Peru: unrest follows Ayacucho ambush

The wives of eight campesinos from Ayacucho, Peru, who were arrested for involvement in a December ambush on a police patrol have began a hunger strike to demand the their release. Peru’s Interior Minister Pilar Mazzetti admitted in a press conference Jan. 9 that National Police investigators have not find any relation between the arrested men and the Shining Path guerilla movement.

Mazzetti admitted that gunpowder residue tests were negative and the firearms found in their possession were not used in the ambush that killed eight, including five police officers. But he also said it is still not clear how the campesinos, who are detained at Yanamila maximum security prison, obtained the weapons used predominantly by military forces, or if they had been used in other crimes.

Mazzetti and Defense Minister Allan Wagner appeared before the Permanent Congressional Commission to update lawmakers on the investigation. Both ministers defended the arrests and detention and assured they were done according to law and respecting human rights. (Living in Peru, Jan. 10)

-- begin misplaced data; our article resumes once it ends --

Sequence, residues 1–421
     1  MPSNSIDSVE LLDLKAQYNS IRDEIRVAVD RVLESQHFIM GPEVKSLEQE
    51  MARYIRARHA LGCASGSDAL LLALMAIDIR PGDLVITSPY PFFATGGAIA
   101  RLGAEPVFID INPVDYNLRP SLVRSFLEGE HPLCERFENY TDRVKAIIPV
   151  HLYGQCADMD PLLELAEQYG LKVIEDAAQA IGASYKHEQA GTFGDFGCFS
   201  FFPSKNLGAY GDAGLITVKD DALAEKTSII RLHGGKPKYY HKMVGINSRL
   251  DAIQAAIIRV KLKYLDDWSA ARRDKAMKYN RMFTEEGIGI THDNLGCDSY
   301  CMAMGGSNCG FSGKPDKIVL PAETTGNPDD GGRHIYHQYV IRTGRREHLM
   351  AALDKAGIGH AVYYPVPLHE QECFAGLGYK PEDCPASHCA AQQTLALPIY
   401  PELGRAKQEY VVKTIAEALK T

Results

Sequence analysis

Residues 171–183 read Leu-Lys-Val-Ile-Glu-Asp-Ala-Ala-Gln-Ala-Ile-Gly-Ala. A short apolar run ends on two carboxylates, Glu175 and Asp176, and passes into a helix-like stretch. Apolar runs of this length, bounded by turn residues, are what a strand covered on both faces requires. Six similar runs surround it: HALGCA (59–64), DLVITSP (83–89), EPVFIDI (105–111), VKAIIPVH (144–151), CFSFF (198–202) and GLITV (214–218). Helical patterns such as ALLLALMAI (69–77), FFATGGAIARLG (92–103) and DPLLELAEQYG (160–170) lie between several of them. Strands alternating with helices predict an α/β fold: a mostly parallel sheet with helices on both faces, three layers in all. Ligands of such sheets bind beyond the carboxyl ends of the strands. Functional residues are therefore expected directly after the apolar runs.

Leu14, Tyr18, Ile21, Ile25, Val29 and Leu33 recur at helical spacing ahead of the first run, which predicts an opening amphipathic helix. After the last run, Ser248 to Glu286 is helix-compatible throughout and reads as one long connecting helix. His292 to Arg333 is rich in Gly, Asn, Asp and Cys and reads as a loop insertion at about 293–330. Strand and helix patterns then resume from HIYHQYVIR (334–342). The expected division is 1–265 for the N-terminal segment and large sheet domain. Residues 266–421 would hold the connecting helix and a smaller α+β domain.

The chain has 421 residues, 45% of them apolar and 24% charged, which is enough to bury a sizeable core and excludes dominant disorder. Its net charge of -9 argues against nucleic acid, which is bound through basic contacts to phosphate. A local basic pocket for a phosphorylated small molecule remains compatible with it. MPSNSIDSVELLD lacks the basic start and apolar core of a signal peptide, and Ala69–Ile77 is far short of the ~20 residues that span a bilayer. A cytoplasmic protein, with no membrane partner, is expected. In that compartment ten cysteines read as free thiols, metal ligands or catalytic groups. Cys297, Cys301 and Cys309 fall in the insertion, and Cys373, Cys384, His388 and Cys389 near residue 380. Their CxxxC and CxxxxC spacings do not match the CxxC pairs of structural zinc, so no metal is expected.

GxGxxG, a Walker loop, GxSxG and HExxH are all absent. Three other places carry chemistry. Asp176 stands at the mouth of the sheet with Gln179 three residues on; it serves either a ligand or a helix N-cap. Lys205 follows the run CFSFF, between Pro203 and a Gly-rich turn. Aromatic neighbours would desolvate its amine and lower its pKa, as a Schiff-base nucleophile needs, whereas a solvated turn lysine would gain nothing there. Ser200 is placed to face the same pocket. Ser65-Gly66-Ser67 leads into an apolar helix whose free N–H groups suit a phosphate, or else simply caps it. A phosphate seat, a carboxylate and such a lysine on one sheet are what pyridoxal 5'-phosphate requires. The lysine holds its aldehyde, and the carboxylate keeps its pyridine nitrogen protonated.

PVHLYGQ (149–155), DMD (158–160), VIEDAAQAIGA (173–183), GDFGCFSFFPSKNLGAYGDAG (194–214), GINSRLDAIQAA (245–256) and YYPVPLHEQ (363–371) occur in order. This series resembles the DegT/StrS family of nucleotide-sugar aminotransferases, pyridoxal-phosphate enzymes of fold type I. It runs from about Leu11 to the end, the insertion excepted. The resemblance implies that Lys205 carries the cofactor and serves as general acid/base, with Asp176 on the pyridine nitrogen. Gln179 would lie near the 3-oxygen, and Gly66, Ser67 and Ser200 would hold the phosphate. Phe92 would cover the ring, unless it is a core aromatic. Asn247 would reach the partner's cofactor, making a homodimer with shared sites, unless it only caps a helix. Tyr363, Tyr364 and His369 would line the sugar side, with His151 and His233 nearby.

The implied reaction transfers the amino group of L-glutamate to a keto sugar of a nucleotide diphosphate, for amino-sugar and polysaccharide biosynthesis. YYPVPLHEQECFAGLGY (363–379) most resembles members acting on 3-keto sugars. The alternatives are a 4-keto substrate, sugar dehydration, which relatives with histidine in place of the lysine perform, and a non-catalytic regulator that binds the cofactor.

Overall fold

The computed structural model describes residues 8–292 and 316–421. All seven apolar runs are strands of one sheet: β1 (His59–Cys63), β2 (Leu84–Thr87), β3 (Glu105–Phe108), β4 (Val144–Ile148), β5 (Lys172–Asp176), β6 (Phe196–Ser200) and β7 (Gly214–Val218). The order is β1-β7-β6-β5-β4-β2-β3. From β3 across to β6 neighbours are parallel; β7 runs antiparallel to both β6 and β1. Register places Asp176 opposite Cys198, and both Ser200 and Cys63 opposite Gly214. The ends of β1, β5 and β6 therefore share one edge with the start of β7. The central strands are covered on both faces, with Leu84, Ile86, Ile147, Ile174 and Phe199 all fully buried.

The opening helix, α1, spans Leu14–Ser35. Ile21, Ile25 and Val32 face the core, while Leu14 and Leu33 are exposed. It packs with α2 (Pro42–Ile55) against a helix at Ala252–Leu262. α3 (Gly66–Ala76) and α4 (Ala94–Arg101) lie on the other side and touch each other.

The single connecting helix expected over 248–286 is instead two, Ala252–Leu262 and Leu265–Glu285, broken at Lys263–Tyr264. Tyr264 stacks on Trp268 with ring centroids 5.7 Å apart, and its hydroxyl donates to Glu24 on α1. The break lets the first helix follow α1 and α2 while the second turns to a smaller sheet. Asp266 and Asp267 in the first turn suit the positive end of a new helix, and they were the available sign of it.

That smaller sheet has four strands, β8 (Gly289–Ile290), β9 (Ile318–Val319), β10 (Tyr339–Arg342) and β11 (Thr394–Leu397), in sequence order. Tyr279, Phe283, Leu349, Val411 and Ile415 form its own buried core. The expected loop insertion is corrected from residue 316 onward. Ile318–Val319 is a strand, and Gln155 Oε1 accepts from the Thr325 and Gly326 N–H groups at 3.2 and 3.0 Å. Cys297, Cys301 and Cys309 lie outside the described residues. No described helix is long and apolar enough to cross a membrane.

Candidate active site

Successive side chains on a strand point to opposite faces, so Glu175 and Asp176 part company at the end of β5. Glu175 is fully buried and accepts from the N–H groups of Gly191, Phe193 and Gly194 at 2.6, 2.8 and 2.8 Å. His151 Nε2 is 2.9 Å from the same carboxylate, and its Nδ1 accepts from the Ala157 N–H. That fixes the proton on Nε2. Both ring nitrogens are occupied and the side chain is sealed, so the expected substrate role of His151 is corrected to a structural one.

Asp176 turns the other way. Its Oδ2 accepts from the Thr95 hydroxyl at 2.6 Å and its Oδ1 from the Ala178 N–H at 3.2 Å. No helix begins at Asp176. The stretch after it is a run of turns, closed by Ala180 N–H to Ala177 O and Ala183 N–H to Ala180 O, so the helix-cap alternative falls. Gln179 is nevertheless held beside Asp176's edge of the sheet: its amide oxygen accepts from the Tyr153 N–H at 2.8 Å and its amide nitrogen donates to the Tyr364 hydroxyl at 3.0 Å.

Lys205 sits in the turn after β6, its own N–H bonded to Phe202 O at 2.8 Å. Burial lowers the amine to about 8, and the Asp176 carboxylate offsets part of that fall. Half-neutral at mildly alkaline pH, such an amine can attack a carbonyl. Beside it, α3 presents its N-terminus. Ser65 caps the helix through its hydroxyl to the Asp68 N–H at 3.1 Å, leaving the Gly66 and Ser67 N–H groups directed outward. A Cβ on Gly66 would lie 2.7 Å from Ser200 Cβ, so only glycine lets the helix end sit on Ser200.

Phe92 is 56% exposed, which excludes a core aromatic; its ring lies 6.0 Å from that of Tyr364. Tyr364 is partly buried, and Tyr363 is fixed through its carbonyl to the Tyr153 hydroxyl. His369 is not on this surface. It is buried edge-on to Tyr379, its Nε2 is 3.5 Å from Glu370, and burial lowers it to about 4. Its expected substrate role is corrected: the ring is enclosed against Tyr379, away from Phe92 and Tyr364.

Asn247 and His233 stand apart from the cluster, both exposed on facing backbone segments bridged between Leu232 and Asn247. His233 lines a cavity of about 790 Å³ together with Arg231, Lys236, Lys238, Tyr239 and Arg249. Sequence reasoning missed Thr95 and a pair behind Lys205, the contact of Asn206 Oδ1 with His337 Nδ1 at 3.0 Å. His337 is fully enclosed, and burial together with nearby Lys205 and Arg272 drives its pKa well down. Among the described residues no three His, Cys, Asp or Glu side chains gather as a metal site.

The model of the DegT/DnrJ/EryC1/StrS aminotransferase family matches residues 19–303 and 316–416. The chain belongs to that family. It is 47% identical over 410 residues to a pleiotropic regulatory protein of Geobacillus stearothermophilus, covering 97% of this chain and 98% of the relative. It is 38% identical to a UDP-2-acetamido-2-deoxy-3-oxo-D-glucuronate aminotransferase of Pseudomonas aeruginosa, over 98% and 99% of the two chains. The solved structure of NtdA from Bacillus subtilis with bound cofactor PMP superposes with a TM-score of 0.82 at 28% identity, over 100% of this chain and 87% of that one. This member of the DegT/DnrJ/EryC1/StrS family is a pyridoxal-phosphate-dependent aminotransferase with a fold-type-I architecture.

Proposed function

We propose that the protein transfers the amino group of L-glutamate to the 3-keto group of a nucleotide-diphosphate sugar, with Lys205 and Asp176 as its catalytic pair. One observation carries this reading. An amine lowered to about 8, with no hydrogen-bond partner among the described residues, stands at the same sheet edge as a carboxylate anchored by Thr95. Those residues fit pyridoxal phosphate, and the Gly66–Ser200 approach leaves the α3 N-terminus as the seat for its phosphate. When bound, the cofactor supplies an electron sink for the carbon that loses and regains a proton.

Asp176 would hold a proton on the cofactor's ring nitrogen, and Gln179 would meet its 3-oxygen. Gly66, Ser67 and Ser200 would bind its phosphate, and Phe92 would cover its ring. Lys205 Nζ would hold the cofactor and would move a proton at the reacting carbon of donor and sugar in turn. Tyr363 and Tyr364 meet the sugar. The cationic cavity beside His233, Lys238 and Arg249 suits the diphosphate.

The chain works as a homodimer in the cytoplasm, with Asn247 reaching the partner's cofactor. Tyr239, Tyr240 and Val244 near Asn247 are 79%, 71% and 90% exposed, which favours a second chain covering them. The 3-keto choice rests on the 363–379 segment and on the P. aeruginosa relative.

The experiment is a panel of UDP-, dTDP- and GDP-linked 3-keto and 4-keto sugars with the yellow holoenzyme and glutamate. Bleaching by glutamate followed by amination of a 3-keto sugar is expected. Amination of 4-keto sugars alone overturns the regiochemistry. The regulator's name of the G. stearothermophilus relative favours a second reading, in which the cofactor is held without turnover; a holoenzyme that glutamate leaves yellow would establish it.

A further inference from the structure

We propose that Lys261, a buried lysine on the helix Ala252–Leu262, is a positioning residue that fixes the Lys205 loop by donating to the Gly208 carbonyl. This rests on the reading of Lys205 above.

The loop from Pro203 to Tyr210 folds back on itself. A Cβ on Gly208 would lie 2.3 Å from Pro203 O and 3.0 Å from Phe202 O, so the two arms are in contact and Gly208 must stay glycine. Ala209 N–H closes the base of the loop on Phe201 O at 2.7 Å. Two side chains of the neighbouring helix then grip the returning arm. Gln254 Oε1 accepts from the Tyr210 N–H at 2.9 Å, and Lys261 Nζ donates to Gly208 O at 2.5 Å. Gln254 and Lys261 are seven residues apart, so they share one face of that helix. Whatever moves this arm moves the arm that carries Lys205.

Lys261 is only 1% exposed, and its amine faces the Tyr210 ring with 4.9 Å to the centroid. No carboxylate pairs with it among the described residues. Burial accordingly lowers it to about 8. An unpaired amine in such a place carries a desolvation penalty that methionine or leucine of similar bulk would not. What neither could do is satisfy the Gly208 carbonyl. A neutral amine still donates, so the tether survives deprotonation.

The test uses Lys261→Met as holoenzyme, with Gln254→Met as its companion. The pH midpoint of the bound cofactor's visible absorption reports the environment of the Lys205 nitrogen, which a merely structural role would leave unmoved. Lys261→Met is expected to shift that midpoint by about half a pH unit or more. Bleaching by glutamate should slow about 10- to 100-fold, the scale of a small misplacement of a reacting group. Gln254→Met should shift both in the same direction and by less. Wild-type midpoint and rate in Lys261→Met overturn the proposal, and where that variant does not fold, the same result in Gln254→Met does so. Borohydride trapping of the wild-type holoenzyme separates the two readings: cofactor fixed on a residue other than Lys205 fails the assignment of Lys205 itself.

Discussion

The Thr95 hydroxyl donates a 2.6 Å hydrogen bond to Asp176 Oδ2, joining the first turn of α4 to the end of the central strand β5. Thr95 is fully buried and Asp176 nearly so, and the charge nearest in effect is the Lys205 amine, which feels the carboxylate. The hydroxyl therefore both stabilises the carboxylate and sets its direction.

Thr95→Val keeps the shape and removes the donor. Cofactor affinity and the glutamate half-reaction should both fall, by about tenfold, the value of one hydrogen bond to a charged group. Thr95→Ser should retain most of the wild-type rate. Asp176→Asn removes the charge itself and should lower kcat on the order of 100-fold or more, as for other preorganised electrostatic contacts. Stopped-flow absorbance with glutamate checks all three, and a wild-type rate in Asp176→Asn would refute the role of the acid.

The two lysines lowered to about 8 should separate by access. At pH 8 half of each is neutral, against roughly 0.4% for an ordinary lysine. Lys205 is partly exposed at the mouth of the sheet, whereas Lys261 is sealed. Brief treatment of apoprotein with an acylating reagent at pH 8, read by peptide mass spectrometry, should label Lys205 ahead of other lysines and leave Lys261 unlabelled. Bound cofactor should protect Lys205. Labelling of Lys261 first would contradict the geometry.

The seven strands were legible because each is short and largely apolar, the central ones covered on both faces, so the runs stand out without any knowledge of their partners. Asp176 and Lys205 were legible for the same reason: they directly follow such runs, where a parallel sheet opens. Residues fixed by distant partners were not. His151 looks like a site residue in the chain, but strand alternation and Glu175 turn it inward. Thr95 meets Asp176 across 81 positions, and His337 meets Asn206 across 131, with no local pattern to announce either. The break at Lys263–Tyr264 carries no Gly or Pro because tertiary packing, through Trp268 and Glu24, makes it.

The attack took place Dec. 16 when, 20 heavily-armed individuals opened fire on a patrol from the Machente Anti-Drug Base, klling five National Police officers and three workers frm Peruvian State Coca Company (ENACO). Two days later, the eight campesinos were arrested while working their fields. They protest that they were found with no weapons, but at a military prison they were coerced into signing statements saying they had been arrested with high-caliber firearms. The National Police immediately stated that they were Shining Path guerillas. (Living In Peru, Dec. 17; Radio Mundo Real, Jan. 8)

See our last post on Peru.